Clean Energy Report Identifies Five Major Trends for 2005
San Francisco, Calif.-- March 22, 2005 -- Markets for solar energy, wind energy, and fuel cells are poised to grow from $16 billion in global revenues in 2004 to more than $100 billion by 2014, according to a report released today by Clean Edge, Inc., an energy research and publishing firm. Clean Edge projects that markets for solar photovoltaics (modules, system components, and installations) will grow from $7.2 billion in 2004 to $39.2 billion by 2014; wind power installations will expand from $8 billion last year to $48.1 billion in 2014; and fuel cells and distributed hydrogen will grow from $900 million to $15.1 billion over the next decade.
The free report, entitled "Clean Energy Trends 2005," examines factors that are influencing clean-energy markets and tracks five key trends, including: how biomass is becoming a significant fuel source being used by such customers as the U.S. Army, Navy, Air Force, and Marines; how centralized solar farms located in sun-rich areas could power entire cities; and how the boom in green buildings is spurring development of technologies that are energy efficient, less toxic, and made from recycled and renewable materials. The report can be downloaded at www.cleanedge.com.
Clean Edge, in collaboration with Nth Power, a leading energy-tech venture firm, also released Nth Power's annual energy-tech venture data. This year's findings, contained in "Clean Energy Trends 2005," show that venture capital (VC) investments in U.S.-based energy-tech companies increased from $509 million in 2003 to $520 million in 2004. These investments, primarily in distributed energy sources, energy intelligence, power reliability, and related services, represented nearly 3% of total VC investments in the U.S. in 2004.
"Nth Power has been tracking energy-tech investments for more than ten years," explains Rodrigo Prudencio, principal, Nth Power. "This year our research shows that energy tech continues to be a major asset class within venture capital, and that investors showed growing interest in solar, fuel cell, and battery deals."
Among the key "Trends to Watch" cited by Clean Edge:
Fuels from Biomass Growing Like A Weed
Energy Efficiency Becomes Big Business
Concentrating Solar Power Heats Up
The Hydrogen Infrastructure Begins to Emerge
Green Building Constructs a Solid Foundation
"This year's report demonstrates once again that a range of innovative companies, governments, and investors are playing a central role in driving clean-energy growth," explains Clean Edge co-founder Ron Pernick. "Our annual report highlights how mainstream many clean-energy technologies have become and the role that they can play in creating new business and investment opportunities."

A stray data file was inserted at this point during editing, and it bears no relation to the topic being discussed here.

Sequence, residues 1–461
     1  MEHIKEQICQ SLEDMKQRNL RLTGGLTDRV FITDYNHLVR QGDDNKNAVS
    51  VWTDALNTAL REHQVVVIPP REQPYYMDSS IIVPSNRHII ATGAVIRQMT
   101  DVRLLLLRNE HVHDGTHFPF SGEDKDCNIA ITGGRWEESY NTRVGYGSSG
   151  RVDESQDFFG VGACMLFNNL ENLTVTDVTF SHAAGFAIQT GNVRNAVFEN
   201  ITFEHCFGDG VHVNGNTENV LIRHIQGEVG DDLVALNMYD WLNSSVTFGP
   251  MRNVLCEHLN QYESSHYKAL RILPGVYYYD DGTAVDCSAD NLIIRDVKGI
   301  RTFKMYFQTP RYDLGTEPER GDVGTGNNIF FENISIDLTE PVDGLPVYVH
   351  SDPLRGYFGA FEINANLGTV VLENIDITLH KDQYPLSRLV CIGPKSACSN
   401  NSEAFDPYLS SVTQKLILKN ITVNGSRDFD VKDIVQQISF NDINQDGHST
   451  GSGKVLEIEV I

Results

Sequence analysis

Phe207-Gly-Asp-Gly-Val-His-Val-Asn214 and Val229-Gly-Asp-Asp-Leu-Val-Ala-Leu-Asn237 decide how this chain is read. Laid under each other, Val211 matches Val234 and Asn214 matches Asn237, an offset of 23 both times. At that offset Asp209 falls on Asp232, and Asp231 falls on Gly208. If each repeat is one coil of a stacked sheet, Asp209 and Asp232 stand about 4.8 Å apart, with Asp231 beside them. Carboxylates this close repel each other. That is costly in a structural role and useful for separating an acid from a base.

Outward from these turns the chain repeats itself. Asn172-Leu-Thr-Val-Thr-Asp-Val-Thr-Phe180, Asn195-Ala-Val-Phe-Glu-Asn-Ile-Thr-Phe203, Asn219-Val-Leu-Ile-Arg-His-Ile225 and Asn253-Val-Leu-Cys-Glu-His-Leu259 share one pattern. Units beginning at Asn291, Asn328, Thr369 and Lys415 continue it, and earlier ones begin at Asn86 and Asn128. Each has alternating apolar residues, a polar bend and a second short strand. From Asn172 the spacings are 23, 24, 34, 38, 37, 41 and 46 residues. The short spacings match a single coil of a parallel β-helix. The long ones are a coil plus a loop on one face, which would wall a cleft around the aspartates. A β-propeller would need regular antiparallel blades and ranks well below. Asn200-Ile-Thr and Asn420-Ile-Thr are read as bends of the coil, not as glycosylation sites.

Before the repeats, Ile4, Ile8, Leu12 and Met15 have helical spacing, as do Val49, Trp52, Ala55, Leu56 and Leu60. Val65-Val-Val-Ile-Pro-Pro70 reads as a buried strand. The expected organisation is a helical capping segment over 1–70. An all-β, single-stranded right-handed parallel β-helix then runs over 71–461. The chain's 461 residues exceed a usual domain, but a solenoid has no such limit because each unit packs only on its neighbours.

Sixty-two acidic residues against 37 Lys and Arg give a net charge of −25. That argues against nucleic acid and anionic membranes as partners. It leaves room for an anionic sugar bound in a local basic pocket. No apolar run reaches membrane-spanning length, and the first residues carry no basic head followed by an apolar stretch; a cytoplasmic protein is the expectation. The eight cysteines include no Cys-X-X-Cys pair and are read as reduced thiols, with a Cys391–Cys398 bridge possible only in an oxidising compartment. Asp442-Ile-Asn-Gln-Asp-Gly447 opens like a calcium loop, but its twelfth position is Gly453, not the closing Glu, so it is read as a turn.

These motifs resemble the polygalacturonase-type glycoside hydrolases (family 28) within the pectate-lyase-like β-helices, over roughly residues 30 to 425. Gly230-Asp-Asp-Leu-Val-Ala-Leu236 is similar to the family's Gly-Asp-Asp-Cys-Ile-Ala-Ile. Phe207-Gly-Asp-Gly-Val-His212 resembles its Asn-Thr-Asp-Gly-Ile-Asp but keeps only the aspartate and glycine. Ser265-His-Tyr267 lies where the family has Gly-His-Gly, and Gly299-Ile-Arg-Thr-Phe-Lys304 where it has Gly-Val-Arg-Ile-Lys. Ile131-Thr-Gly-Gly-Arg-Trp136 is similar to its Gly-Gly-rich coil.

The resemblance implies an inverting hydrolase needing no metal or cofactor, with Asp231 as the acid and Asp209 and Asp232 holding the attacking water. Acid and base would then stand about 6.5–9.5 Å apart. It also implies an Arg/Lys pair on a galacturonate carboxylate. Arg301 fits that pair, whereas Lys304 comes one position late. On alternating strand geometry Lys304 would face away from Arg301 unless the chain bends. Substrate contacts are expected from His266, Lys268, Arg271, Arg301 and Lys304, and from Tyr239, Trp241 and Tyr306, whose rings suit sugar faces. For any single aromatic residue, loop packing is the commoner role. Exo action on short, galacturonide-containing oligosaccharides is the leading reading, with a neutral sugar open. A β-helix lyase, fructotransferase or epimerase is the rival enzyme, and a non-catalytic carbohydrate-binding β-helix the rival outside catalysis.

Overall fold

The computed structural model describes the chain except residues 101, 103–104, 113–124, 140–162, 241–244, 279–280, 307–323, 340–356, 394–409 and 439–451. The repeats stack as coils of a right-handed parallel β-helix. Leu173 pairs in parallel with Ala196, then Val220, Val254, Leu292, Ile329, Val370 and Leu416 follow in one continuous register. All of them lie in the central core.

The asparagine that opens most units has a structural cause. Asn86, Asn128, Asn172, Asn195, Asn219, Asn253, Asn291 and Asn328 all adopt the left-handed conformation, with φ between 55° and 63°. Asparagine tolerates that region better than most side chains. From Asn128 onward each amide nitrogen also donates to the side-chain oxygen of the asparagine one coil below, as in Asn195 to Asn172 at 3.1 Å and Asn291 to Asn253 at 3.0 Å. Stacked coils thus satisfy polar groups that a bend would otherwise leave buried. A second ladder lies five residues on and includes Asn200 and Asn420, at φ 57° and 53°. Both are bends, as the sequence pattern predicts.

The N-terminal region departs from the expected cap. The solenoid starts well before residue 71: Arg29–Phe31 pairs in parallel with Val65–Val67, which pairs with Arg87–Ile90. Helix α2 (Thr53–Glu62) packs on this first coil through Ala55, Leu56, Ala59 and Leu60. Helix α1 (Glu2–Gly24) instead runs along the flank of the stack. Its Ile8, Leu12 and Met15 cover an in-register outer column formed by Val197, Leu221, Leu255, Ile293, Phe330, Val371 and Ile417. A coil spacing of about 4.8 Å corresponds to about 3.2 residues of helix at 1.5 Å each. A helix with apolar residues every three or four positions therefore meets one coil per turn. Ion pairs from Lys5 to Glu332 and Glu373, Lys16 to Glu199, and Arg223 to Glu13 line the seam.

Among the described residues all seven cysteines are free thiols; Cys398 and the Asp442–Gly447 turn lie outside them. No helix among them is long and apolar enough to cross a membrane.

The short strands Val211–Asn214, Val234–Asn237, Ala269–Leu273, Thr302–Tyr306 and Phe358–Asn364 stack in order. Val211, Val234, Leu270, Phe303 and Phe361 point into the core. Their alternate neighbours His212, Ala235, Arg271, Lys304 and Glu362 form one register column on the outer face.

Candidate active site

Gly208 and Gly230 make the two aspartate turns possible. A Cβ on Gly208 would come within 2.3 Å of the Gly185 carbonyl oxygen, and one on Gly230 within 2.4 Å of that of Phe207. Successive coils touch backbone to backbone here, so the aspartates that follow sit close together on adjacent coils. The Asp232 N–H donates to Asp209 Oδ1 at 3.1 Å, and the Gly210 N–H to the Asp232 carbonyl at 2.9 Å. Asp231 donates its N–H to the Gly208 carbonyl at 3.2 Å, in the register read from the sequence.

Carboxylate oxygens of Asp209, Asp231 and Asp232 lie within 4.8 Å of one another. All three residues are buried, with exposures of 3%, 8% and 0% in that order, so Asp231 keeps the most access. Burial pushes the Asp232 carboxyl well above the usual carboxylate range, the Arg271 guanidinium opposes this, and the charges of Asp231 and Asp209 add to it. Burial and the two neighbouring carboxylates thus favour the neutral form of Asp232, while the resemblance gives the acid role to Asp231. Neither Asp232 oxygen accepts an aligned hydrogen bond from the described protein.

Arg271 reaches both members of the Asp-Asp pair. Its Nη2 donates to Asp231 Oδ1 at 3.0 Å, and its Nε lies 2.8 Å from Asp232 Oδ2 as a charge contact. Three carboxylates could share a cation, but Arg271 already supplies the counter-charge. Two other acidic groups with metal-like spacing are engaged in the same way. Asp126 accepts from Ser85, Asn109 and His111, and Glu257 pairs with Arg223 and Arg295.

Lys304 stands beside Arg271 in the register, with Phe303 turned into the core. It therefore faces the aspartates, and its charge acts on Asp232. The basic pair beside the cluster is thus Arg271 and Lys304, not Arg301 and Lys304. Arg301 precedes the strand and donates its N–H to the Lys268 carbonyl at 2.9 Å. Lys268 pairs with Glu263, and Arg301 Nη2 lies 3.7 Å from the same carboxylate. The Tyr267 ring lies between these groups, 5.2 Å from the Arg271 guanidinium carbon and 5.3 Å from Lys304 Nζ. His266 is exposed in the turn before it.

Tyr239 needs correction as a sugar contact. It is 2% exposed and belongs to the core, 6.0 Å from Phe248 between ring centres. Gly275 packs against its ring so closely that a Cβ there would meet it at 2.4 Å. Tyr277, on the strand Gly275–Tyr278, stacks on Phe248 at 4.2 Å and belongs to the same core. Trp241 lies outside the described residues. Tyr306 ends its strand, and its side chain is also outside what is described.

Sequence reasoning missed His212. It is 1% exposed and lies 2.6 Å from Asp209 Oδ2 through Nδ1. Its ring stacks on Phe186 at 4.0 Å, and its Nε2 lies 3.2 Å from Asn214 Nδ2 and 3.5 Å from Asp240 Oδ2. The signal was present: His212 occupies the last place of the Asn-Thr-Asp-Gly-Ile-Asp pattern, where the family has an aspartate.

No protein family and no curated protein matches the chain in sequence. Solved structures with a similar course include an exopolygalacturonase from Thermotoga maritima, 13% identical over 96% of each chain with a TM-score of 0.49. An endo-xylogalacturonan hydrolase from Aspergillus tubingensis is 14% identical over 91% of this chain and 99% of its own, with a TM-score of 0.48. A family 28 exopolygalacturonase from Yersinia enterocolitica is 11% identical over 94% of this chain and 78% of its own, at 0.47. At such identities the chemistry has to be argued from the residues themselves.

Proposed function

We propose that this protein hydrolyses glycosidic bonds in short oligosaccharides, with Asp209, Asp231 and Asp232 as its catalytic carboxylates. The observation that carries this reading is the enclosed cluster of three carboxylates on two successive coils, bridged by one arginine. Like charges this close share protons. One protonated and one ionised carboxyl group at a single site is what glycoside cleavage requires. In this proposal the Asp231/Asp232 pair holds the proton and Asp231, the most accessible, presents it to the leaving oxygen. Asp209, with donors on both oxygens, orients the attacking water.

To download Clean Edge's "Clean Energy Trends 2005," please visit www.cleanedge.com.
About Clean Energy Trends 2005
Clean Edge issues its annual Clean Energy Trends to track key developments in clean-energy markets. Past reports have been downloaded by tens of thousands of individuals in government, finance, industry, and the media. "Clean Energy Trends 2005" is made possible by the support of its sponsors, including lead sponsor Nth Power (www.nthpower.com) and major sponsors Antenna Group Public Relations (www.antennagroup.com), Environmental Entrepreneurs (www.e2.org), Heller Ehrman (www.hewm.com), and Wilson Sonsini Goodrich & Rosati (www.wsgr.com).
About Clean Edge, Inc.
Clean Edge, Inc. is a leading research and publishing firm that helps companies, investors, and policymakers understand and profit from clean-energy technologies. Through its research and reports, strategic marketing services, online publications, and co-sponsored conferences and events, the company is devoted to tracking and analyzing clean-tech market trends and opportunities. Founded in 2000 by environmental and high-tech business pioneers Ron Pernick and Joel Makower, Clean Edge and its network of partners and affiliates offer unparalleled insight and intelligence for a range of clean-tech stakeholders.
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Wind power might run into competitive trouble against emerging clean coal technologies, but if carbon dioxide isn't taxed. Photo is simulation of future Waymart Wind Farm in Pennsylvania.
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